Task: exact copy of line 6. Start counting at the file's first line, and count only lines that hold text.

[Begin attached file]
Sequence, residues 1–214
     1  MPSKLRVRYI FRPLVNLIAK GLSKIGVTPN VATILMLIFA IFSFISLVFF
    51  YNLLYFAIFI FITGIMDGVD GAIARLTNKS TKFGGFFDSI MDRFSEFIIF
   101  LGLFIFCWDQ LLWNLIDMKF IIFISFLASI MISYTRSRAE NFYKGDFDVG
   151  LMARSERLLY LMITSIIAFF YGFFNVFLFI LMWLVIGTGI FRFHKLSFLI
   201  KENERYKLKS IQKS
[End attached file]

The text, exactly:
   201  KENERYKLKS IQKS